Virtually reducing the 3D load
The new method partitions the surface
into regions (coloured) and then produces
a mesh of polygons, one face representing
Shrek and his animators will be happy to hear about a new method to help him, or his data files at least, lose weight. A research team led by Mathieu Desbrun from the University of Southern California, has developed a new way to compress the files representing 3D objects used in computer graphics.
The advantage of computer animation of characters, like Shrek, is that animators can spin him inside the computer, viewing him from the side, above or below instantly without having to redraw the view each time. This is possible as Shrek is stored inside the computer as a whole 3D object. And the same technology is being used by virtual museum exhibitions and online shopping sites to allow people to explore 3D objects online.
Although methods for accurately compressing sound and image files are now routine, those for efficiently turning 3D objects into digital files are not so well developed. Developing similarly effective methods of compressing 3D objects is vital for future advances in computer graphics.
The surface of a 3D object is usually stored in a computer as a mesh of triangles, perhaps produced by a 3D scanner or graphics modelling software. However these initial meshes are often highly inefficient, with far more elements in the mesh than are needed. "Even if a region is completely flat it may be scanned into a bunch of uneven triangles, adding unnecessary complexity," Desbrun said.
Producing an "optimal" mesh, that is, one as simple and as accurate as possible, has been shown in general to be NP-hard and thought to be computationally impossible (read more about NP-hard problems in How maths can make you rich and famous from Issue 24 of Plus). Instead the challenge has been to develop methods that simplify the mesh representing an object to provide a good approximation of the surface.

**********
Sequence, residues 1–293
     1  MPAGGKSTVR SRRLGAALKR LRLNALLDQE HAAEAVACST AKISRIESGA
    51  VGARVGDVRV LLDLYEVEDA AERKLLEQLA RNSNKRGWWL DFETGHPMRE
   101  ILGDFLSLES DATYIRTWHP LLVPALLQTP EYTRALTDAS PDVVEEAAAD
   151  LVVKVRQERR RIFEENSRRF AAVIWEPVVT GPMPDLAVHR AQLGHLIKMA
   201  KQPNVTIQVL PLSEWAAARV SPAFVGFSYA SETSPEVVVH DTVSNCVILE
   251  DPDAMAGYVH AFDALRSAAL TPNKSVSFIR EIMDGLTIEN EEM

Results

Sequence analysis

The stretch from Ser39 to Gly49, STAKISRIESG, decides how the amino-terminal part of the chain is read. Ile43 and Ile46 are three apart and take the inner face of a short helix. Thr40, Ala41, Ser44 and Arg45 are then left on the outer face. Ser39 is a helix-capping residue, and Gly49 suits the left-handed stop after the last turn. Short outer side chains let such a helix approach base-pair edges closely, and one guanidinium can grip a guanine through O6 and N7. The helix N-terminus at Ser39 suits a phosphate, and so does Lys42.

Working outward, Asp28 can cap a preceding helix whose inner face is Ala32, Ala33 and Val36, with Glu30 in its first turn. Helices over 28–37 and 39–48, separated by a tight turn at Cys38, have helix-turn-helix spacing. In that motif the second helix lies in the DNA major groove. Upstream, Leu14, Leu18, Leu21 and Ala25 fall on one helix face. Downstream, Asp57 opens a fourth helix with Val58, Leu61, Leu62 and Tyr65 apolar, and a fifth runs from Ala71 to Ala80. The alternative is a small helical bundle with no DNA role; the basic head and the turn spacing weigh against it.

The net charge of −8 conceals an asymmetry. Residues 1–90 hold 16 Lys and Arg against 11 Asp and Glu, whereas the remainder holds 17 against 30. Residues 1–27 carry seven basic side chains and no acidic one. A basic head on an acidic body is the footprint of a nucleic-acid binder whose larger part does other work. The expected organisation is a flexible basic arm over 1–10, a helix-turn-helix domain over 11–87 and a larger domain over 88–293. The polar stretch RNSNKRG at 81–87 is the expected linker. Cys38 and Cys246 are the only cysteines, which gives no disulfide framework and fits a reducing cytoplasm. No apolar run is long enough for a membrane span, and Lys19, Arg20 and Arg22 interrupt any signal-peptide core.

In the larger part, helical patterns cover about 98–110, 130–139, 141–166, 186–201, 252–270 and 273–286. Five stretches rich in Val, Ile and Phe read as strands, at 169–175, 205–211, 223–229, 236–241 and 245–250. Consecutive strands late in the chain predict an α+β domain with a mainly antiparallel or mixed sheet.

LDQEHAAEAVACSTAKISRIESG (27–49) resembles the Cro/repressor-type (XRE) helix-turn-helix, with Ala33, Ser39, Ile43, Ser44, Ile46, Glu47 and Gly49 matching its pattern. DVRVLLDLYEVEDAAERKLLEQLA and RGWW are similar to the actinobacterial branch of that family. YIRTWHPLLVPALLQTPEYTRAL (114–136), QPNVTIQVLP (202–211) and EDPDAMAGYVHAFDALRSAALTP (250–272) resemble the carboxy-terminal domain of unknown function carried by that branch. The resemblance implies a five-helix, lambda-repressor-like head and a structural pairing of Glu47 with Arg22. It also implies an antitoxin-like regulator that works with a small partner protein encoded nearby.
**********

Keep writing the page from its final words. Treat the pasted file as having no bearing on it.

Most of the previous work in the area used greedy algorithms which decide how to merge or remove triangles from the initial mesh based on the shape of the surface in the immediate vicinity. In contrast, with each step in the method developed by Desbrun and his colleagues, how the change will effect the approximation over the entire surface is considered.
Their method alternately reduces the initial mesh by clustering the triangles together into regions taking into account the global error, and then produces a new approximation where each mesh element represents an "average" of the triangles in a cluster. And unlike other compression methods where the mesh elements in the final approximation are all triangular, this new method produces a mesh consisting of polygons with three, four, five or possibly more sides.
The process, which Desbrun will present at the SIGGRAPH 2004 conference in August in Los Angeles, quickly produces a mesh that more accurately and more efficiently represents the original object than those produced by previous methods.
"We believe this approach to geometry approximation offers both solid foundations and unprecedented results," said Desbrun. "Combined with the other recent advances of our research lab on mesh compression, it is a significant step to facilitate use of 3D geometry in many areas." Perhaps soon, along with downloading the trailer and soundtrack of the film, we will get a virtual 3D Shrek to play with too.